The No. 21 Michigan softball team has been dominant throughout the past month, and heading into Wednesday’s game against Miami, there seemed to be no reason for its success to subside.
And although the Redhawks (11-10) are almost a carbon copy of the competition that the Wolverines (18-7) have dominated against so far — a mid-major with a mediocre record, none of that mattered on Wednesday. Miami was the one that took care of business, as Michigan fell, 7-3.
Everything that had recently been instrumental to Michigan’s success of late failed to surface. Senior right-hander Alex Storako didn’t pitch well; batters failed to make contact; runs were hard to come by.
“I don’t care how many games we won before, we were playing today and we didn’t play for six innings,” Michigan coach Carol Hutchins said.
Both teams struck early, trading runs in the first inning.
But Miami wasn’t done, quickly seizing the upper hand in the second inning. The Redhaws were aided by the fact that Storako wasn’t her usual self: she opened the inning by walking Redhawks designated player Maggie Murphy in four straight pitches before moving her to second on a wild pitch.
The sequence initiated a rare mound visit for Storako: she was rattled.
The next batter smacked a deep single to right field, scoring Murphy. First baseman Holly Blaska then drove a hanging pitch deep to right field, sneaking over the fence to put Miami up, 4-1. The blast ended Storako’s outing early, in favor of freshman right-hander Lauren Derkowski.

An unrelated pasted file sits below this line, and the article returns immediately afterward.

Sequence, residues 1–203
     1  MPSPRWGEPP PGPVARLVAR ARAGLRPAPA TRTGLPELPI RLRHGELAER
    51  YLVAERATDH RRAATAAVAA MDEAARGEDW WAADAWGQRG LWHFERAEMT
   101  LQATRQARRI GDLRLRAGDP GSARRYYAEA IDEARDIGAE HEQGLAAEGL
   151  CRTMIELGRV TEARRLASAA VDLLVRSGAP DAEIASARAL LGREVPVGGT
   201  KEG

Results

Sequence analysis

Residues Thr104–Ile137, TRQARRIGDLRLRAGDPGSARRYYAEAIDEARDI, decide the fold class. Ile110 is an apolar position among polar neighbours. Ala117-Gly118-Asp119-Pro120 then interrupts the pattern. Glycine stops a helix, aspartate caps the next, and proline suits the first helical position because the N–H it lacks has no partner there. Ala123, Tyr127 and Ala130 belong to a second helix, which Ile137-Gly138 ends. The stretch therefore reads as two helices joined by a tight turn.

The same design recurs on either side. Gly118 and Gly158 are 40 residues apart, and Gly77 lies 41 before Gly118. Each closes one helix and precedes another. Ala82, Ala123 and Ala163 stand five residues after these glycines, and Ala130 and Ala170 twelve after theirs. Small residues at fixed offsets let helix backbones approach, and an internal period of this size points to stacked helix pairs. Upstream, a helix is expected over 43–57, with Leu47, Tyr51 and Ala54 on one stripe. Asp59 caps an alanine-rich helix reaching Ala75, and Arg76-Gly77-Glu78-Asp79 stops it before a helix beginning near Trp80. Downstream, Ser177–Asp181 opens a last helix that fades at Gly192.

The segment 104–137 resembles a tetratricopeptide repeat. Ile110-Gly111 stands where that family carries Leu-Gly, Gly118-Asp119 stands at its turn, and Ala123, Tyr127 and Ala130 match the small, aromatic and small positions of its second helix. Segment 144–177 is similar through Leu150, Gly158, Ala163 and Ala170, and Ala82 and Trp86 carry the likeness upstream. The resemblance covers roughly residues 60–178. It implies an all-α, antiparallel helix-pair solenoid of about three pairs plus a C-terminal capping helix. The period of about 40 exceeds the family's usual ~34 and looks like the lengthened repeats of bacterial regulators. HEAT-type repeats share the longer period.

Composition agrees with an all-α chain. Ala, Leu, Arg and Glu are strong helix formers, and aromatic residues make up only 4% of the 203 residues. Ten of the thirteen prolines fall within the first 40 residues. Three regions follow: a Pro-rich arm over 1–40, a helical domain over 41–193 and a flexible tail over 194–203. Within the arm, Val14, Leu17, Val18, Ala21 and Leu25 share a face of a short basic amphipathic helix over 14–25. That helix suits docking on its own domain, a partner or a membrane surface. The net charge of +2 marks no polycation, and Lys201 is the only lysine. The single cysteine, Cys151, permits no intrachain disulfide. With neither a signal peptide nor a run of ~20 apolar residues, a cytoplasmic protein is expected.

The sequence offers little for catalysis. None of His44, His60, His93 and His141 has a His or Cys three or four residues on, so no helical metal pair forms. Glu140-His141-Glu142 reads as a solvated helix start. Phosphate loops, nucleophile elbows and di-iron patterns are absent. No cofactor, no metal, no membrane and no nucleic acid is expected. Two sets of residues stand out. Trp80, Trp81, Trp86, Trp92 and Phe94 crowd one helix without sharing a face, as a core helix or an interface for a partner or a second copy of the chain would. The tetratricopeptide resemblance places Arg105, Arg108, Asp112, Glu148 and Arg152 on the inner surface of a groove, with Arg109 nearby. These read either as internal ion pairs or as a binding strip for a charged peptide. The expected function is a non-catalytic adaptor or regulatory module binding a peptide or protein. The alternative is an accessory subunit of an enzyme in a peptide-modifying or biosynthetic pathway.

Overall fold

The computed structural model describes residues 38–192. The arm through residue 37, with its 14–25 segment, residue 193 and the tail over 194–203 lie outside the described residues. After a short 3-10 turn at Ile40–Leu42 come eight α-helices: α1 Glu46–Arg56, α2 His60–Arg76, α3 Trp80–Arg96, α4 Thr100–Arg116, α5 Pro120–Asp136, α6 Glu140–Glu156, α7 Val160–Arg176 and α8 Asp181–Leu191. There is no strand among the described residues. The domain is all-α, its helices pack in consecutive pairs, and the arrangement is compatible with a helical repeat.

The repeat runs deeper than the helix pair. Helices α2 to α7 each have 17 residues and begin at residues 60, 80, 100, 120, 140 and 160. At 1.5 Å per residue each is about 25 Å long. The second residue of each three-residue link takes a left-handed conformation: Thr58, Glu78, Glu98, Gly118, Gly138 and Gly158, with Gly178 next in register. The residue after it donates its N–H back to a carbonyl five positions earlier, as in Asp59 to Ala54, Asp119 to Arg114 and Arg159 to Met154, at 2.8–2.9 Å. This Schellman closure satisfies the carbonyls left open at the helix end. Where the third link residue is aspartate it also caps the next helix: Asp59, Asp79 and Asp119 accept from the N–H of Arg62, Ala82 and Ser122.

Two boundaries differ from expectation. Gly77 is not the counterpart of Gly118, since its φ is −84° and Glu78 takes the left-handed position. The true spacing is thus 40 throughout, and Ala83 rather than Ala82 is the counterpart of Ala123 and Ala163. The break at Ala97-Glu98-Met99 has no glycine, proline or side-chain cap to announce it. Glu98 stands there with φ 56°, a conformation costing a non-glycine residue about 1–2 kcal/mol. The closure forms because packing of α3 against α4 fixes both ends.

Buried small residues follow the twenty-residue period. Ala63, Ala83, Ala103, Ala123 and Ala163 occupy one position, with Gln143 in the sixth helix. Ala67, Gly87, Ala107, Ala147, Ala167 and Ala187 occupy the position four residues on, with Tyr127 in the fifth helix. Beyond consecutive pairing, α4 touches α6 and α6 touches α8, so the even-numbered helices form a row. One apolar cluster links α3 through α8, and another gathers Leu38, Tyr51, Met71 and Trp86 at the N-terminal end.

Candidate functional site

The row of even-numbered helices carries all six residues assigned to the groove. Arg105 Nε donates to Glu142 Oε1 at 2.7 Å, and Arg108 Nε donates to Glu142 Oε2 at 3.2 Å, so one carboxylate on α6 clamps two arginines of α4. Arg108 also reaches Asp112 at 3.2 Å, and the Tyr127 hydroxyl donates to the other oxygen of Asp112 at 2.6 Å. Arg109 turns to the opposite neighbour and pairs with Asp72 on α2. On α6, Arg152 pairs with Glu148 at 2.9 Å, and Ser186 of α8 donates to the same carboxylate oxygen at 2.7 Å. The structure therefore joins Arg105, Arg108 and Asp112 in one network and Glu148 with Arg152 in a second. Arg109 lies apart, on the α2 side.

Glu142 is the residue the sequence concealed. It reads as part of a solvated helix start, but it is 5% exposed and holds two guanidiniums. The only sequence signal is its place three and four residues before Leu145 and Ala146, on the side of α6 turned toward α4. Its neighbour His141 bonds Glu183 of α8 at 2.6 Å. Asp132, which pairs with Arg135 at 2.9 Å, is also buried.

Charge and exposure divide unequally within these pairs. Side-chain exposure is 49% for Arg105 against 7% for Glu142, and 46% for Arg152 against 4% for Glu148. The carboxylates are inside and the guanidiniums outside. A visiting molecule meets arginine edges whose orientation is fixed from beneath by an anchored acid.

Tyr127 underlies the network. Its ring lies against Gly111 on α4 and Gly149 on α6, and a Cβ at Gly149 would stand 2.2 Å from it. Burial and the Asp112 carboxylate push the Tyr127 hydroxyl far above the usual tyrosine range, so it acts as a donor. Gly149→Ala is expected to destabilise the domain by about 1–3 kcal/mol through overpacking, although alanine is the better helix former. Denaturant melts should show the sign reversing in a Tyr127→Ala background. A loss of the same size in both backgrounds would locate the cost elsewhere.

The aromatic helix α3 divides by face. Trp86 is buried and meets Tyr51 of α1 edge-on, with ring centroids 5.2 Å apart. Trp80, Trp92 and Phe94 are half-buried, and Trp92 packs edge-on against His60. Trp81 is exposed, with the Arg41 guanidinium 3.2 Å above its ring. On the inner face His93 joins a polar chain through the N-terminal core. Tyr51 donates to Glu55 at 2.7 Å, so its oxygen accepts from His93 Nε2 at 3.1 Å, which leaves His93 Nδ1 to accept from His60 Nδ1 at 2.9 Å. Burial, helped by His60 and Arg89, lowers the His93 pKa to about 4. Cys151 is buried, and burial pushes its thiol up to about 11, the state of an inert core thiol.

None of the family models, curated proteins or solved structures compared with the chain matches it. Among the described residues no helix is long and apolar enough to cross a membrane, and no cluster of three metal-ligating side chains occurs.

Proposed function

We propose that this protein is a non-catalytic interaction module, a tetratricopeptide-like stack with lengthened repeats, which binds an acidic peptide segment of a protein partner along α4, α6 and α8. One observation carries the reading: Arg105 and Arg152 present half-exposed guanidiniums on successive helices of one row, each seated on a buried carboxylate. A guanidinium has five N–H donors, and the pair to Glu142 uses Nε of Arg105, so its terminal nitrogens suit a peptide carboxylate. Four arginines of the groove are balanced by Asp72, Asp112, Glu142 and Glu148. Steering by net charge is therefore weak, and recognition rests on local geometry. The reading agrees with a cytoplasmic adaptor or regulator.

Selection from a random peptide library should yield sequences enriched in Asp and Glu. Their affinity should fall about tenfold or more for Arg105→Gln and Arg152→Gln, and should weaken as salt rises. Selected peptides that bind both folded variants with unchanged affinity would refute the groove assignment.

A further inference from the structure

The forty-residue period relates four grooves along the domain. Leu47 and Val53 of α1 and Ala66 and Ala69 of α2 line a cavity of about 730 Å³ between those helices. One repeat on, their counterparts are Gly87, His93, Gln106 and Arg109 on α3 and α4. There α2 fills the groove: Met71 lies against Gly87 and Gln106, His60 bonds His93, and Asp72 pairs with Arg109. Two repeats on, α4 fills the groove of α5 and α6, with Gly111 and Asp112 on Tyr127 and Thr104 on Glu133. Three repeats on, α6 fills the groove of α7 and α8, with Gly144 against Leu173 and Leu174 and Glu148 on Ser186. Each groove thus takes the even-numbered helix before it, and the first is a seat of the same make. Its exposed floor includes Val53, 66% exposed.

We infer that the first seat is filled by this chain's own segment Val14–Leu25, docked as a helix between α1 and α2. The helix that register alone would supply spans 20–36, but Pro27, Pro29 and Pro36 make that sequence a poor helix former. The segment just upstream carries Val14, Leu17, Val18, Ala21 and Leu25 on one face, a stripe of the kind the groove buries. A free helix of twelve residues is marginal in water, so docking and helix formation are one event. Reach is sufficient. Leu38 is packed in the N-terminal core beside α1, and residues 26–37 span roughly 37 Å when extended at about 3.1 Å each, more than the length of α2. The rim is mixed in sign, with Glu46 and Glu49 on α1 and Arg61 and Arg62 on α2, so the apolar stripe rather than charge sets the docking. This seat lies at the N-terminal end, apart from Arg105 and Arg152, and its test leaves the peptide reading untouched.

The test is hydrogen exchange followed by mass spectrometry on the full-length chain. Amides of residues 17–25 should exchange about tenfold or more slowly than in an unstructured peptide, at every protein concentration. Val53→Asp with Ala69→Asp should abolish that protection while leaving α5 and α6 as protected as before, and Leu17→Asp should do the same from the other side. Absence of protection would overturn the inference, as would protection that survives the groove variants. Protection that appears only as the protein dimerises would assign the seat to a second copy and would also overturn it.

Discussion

“(Storako) didn’t have her stuff,” Hutchins said. “She didn’t have her attitude or her edge. It was up to our offense to pick us up. … Our offense has got to get grittier.”
While Michigan’s offense continued to sputter, Miami came back for more in the top of the fifth. Derkowski walked sophomore outfielder Kate Kobayashi, who then moved to second on a wild pitch. Senior outfielder Lily Wilmot grounded one to Mcvey and a fielder’s choice ensued. Kobayashi seemed to be caught in a pickle, but escaped it and safely returned to second. Outfielder Karlee Juarez then hit a bouncing infield single, loading the bases to end Derkowski’s outing, this time in favor of fifth-year left-hander Meghan Beaubien.
But Beaubien didn’t fare much better, looking unsettled as a single, a walk and a drive that popped off of McVey’s glove scored three.
“We’ve got to be settled, and (Beaubien) is a fifth year,” Hutchins said. “We don’t have an inning to warm up, because it matters. … I need the upperclassmen to give us hope, to give us inspiration, and to show (the freshmen) how to do it.”
The Wolverines responded in the bottom of the fifth with a deep home run from sophomore designated player Sierra Kersten, her fifth of the season, but it wasn’t enough as Miami ended the inning up 7-2.
Things looked promising for the Wolverines following a two-hour rain delay midway through the sixth inning. Michigan scored a run, loaded the bases and had the tying run at the plate. But it was too little, too late, as the Wolverines failed to bring things even.
“We just got our rear end handed to us, and yet, we had a chance to win the game,” Hutchins said. “We were one swing away from being tied up. I was pleased with that, but I said, ‘It’s not acceptable to not have that in the first six innings. Play every inning one inning at a time.”
And so Michigan’s six game win streak, its dominance at home and Storako’s perfect record all came crashing down.
“We need to look at everything as an opportunity,” Hutchins said. “And honestly we’ve got to get that burden off of us that we’re supposed to be, you fill in the blank. You gotta play for it.
“We need to get grittier.”